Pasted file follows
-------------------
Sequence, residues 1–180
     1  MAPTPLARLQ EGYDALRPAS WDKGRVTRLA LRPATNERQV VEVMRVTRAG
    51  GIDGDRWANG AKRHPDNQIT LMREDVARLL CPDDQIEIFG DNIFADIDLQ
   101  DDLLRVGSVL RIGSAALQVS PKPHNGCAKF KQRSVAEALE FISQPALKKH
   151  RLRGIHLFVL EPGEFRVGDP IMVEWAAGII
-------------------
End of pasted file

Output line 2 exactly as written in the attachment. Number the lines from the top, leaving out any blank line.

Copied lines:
     1  MAPTPLARLQ EGYDALRPAS WDKGRVTRLA LRPATNERQV VEVMRVTRAG